• Join over 1.2 million students every month
  • Accelerate your learning by 29%
  • Unlimited access from just £6.99 per month
  1. 1
  2. 2
  3. 3
  4. 4
  5. 5
  6. 6
  7. 7
  8. 8
  9. 9
  10. 10
  11. 11
  12. 12
  13. 13
  14. 14
  15. 15
  16. 16
  17. 17
  18. 18
  19. 19
  20. 20
  21. 21
  22. 22
  23. 23
  24. 24
  25. 25
  26. 26
  27. 27
  28. 28
  29. 29
  30. 30
  31. 31

The Impact of Domestic Policies on UK Investments & Exports During the Financial Crisis (1970 - 2011)

Extracts from this document...


´╗┐The Impact of Domestic Policies on UK Investments & Exports During the Financial Crisis (1970-2011) How Did Corporation Tax, Bank Rate & Value Added Tax Revisions Impact Inflation? How Did the Resulting Inflation Impact UK Exports & Investments Vis a Vis Economic Growth in the UK? W12313055 Word Count: 2,994 (Excluding Tables & Appendices) Abstract ________________ This report examines the impact of the following policy reforms on the aggregate economy in the United Kingdom, during the financial crisis: A reduction in corporation tax (2008), a reduction in the bank rate (2009) and an increase in value added tax (2011). Firstly, an overview of historic economic events affecting the UK economy during 1970 to 2011 is given. It is found that oil ?shocks? during the 1970s were a major impact on the UK economy, with inflation at its highest and GDP growth at its lowest. During early stages of the 1990s, an end to the British membership of the exchange rate mechanism caused high interest rates, falling house prices and an overvalued exchange rate, therefore, leading the UK into a recession. Following this event, the 2008 financial crisis triggered by the global ?credit crunch? plunged the UK back into a deep recession, with poor economic growth, high inflation and high unemployment. The resulting inflation caused by the crisis is then discussed in depth, examining the impact that the financial crisis and policy reforms had on prices in the UK. It is found that sharp rises in electricity and gas prices were the primary reasons for high inflation during the crisis years (2008 to 2011). It was also found that a reduction in the corporation tax and the bank rate both encouraged investments and consumption, which in turn created a positive impact on UK exports. However, increases in VAT directly led to a reduction in investments and consumption, as well as UK exports. The impact of inflation on investments in the UK showed that a rise in prices evidently discouraged businesses and consumers to invest in capital goods or further investment projects. ...read more.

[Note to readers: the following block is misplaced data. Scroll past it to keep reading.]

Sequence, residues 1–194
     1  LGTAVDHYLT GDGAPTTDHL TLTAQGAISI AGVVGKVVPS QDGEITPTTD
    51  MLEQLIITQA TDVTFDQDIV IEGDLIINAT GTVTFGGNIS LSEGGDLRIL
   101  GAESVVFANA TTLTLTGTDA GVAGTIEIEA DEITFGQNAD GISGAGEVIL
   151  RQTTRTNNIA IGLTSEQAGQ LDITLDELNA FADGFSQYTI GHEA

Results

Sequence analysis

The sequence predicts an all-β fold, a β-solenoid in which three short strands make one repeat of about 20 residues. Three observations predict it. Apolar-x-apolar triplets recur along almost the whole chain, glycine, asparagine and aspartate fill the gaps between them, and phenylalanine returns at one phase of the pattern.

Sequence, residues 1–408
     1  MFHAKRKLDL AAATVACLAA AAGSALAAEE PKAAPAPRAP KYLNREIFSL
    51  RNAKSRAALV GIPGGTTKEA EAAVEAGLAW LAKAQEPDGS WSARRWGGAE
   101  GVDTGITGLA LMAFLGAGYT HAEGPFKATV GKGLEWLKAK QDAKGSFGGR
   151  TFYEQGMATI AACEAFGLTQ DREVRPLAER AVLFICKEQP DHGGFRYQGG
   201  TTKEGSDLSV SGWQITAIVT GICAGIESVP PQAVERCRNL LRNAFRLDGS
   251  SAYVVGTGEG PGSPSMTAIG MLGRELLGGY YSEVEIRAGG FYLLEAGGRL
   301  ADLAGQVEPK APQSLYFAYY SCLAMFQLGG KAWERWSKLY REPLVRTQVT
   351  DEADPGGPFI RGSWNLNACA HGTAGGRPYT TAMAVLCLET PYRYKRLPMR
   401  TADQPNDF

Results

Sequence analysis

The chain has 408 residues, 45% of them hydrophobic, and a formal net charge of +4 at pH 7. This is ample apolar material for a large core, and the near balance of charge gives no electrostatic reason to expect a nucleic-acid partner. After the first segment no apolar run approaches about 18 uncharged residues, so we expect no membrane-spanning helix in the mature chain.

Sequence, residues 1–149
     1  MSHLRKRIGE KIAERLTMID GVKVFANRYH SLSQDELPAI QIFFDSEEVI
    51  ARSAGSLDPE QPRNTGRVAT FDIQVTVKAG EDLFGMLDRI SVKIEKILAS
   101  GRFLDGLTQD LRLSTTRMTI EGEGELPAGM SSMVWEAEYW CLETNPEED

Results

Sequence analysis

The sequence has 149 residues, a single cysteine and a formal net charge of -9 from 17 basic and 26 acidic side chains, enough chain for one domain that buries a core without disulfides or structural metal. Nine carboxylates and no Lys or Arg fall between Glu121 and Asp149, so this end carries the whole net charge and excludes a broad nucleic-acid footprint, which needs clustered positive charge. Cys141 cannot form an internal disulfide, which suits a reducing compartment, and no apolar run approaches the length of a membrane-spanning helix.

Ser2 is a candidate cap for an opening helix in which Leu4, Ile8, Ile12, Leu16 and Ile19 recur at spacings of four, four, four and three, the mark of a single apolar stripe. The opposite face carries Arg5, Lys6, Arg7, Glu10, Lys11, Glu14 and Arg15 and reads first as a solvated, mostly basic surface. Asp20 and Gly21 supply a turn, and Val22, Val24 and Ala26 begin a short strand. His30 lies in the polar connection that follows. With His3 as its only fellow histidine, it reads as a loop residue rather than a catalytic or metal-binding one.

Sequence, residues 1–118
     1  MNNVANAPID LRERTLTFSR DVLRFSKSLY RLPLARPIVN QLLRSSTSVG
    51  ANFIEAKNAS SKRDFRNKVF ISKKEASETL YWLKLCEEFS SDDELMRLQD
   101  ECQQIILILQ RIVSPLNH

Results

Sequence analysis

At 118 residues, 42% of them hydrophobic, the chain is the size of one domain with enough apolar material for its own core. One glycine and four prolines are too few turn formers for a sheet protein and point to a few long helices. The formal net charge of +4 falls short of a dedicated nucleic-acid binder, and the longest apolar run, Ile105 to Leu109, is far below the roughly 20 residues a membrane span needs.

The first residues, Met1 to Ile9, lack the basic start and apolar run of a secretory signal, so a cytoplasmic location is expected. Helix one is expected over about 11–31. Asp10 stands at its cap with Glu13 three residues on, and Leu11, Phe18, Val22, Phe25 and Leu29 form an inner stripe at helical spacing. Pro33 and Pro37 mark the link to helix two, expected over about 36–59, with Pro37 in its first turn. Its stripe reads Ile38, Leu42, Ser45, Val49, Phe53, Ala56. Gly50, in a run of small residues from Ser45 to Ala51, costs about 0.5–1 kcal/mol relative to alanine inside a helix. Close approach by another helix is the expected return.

This was reflected by inflation growth rate remaining generally flat during this period (Chart 3.2a). Alternatively, businesses may have used extra net profits to pay higher dividends to shareholders. Shareholders? gains increased as a result, and so the psychological impact of feeling ?wealthier? may have encouraged shareholders to spend or invest more. These sudden consumption boosts may have also increased aggregate demand to the stage that demand outweighed output, forcing businesses and retailers to increase their prices, to reduce demand. Due to inertia, the effect of this may have actually contributed during 2010-11 (Chart 3.2a), where significant rises in inflation was observed once again. Another perspective is that a lower rate in corporation tax may have also increased UK international competitiveness in terms of business and investments. A lower rate encouraged international investors to ?set up? businesses in the UK, and so increasing inward investments. The rise in investments and so consumption may have also pressured prices upwards, due to rising aggregate demand. However, this impact may not have been instantaneous. This indirect impact from a corporation tax reduction may have in fact taken place during 2009 to 2010-11, where significant rises in inflation reoccurred (Chart 3.2a). Impact of Bank Rate Reduction on Inflation ? 2009 2009 A bank rate is the rate of interest that the central bank lends money to domestic banks. As stated previously, soaring prices during 2008 called for a reduction in the bank rate from 1.0% to 0.5% in 2009, in order to lower borrowing costs and so to stimulate consumption and investments. Impact This proposed lower borrowing costs for borrowers and spenders, due to the rate of interest on repaying loans being lower; this may have instantaneously contributed to the collapse in the level of prices during 2009 (Chart 3.2a). Presumable, this increased business spending on capital goods such as machinery, and so investments in the UK increased. ...read more.